There are also proposals that go a step further. This is due to the high impact on hospitals the unvaccinated 9% of the population has. They plead for tightening of the measures against them. For example, Luis Enjuanes, a CSIC scientist, assures the pandemic that Spain is currently experiencing is that of “the unvaccinated”. Unvaccinated people cannot be forced by law to be vaccinated. But in statements to RNE, Enjuanes says many measures can be taken. 

Failure to cooperate with society must have consequences 

“If they don’t cooperate with society, then that society doesn’t cooperate with them. You are not vaccinated, you cannot work for the government. If you are not vaccinated and you have a problem due to an infection with this virus, the Spanish social security will not take your treatment on sight; You are not vaccinated, you cannot go to public centres … ”, explained the scientist. 

Reach the unvaccinated ‘through pedagogy’ 

Daniel López Acuña, epidemiologist and former director of WHO’s Health Action, does not want to go that far, although he calls not getting vaccinated “a social irresponsibility towards public health”.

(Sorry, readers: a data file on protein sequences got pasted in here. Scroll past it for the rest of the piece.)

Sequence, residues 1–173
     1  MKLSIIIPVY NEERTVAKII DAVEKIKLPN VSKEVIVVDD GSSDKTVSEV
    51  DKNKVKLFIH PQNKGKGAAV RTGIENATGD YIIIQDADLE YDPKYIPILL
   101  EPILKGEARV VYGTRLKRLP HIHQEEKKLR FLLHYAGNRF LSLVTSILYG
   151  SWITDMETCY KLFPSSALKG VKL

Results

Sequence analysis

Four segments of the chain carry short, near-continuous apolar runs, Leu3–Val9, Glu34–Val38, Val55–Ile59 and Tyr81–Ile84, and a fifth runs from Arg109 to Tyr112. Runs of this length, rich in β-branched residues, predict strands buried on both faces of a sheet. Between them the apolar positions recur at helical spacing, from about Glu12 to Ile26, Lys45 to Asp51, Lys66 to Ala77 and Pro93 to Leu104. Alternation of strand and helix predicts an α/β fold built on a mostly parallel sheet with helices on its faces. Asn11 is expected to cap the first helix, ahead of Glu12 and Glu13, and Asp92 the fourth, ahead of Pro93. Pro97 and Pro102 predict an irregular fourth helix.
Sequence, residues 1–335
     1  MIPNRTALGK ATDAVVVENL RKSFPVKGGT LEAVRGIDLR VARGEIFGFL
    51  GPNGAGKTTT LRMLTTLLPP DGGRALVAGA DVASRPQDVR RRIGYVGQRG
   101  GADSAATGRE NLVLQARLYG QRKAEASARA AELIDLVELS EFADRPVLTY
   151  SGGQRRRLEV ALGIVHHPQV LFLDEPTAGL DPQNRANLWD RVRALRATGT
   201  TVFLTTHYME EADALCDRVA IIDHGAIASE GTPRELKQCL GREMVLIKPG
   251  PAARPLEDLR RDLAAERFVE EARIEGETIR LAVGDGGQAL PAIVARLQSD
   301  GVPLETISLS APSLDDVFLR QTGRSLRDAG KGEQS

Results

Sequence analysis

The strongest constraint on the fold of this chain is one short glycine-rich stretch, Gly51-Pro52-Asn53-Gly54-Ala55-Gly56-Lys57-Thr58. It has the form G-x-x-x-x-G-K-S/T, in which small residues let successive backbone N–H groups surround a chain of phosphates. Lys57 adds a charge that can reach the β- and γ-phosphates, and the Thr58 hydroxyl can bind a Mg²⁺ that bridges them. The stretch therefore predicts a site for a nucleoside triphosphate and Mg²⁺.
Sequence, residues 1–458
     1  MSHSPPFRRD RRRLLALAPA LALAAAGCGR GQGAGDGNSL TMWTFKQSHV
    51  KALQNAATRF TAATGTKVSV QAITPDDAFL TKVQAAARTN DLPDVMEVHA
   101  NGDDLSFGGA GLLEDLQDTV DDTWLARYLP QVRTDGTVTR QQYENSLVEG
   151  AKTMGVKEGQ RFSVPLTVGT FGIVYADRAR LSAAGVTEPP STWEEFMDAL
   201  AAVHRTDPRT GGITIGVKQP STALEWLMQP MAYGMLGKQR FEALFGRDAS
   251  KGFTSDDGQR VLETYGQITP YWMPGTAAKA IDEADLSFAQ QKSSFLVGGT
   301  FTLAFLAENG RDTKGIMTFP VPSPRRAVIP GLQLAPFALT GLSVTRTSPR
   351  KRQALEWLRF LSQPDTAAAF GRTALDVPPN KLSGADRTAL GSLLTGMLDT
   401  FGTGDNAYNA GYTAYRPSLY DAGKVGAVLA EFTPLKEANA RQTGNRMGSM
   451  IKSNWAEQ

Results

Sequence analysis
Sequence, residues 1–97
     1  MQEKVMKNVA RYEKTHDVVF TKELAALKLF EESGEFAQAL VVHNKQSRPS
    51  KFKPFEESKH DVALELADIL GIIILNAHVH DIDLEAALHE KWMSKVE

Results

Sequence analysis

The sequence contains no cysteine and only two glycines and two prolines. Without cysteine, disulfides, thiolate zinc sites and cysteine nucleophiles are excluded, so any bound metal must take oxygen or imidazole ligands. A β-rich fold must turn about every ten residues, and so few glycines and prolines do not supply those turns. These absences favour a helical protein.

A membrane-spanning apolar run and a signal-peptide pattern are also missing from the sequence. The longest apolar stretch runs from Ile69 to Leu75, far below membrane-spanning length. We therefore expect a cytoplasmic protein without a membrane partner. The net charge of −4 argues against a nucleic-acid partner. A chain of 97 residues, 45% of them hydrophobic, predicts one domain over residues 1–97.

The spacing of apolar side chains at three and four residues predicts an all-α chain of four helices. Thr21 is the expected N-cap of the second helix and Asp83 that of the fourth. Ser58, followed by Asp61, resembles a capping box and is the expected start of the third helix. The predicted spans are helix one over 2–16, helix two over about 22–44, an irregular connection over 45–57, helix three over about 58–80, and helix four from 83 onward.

“You have to explain it well so people understand why not getting vaccinated effects themselves and others,” he told RT.VE.es. “Surveys show only 4% – 5% of the population resist vaccination for one reason or another.  But this is with untenable arguments, ambiguity, and lack of evidence. We still have a percentage of the population that you can work with to complete the vaccination. Furthermore, it is very important to do it through pedagogy, without this being an obstacle to taking restrictive measures. Especially in regions where the incidence rates are high” he continues. 

Covid passport obligation not the most important solution 

According to López Acuña, a mandatory Covid passport for certain high-risk activities, even if it is launched across Spain, is not the main solution to stop contamination. This is because 90% of the population is already vaccinated.” 

The epidemiologist recalls that those who are vaccinated “can also become infected and transmit the disease”. Therefore, he urges “to strengthen protective measures with a mask, keep distance and avoid crowds; in addition to further restrictions as incidence increases.” Stimulate” instead of “force” 

ASSSA - health insurance in Spain